The Journal does a disservice to its readers when it presents a homeopathic jargon filled discussion as if a scientific discussion is taking place. There was no editorial explaining the reasoning behind publishing such an article. One of the characteristics of science is its coherence. The sciences of pharmacology, physiology and toxicology build upon and are consistent with the laws of chemistry and physics. To talk about diluting a substance to the point where it is undetectable and then explaining how it works to heal flies in the face of the principles of those disciplines. It is too late to write a letter to the editor but I hope someone did.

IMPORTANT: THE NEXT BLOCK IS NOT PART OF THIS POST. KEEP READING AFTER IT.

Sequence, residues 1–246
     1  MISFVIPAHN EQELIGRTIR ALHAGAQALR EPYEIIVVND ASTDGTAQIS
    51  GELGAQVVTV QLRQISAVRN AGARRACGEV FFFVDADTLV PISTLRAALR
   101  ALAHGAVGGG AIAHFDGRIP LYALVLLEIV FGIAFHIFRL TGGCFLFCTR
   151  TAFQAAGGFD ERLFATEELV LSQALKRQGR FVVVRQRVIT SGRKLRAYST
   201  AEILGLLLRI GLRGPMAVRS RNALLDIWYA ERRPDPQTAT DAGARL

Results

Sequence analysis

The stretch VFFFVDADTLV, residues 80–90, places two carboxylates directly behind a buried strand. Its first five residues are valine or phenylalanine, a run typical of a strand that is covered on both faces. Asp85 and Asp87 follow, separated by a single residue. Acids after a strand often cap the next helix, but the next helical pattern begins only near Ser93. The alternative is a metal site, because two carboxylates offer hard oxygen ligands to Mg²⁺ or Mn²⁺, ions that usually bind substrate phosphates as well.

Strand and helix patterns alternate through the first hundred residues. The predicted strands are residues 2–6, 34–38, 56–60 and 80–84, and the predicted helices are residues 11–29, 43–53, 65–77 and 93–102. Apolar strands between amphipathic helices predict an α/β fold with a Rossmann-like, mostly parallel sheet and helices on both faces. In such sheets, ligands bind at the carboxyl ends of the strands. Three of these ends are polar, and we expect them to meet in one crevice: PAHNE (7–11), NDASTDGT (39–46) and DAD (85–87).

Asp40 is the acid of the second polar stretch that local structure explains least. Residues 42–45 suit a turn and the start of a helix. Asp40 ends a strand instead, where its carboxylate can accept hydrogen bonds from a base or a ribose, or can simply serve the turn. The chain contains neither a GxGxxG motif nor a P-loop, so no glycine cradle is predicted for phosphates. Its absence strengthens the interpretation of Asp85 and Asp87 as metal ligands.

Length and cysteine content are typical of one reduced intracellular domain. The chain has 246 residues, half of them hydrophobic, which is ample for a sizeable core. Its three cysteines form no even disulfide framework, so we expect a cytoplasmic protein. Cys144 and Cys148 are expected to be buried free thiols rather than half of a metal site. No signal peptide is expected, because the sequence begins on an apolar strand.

Well, eventually some people did: Treating Critically Ill Patients with Sugar Pills. Like Retired Doc, the letter writers are surprised Chest would accept such a paper.
The authors of the paper, in effect, admit that the study drug is mere water with this statement:
Since the potentiation (dilution and vigorously shaking) of the study drug beyond the Avogadro number imposes no interaction with the patient’s metabolism, and due to the low cost of the drug, its use in the ICU may be beneficial, minimizing morbidity and mortality.
The fact that this paper appeared in Chest impresses me with just how deep pseudoscience has penetrated the mainstream. I’d have expected something like this in BMJ, but not the revered Chest!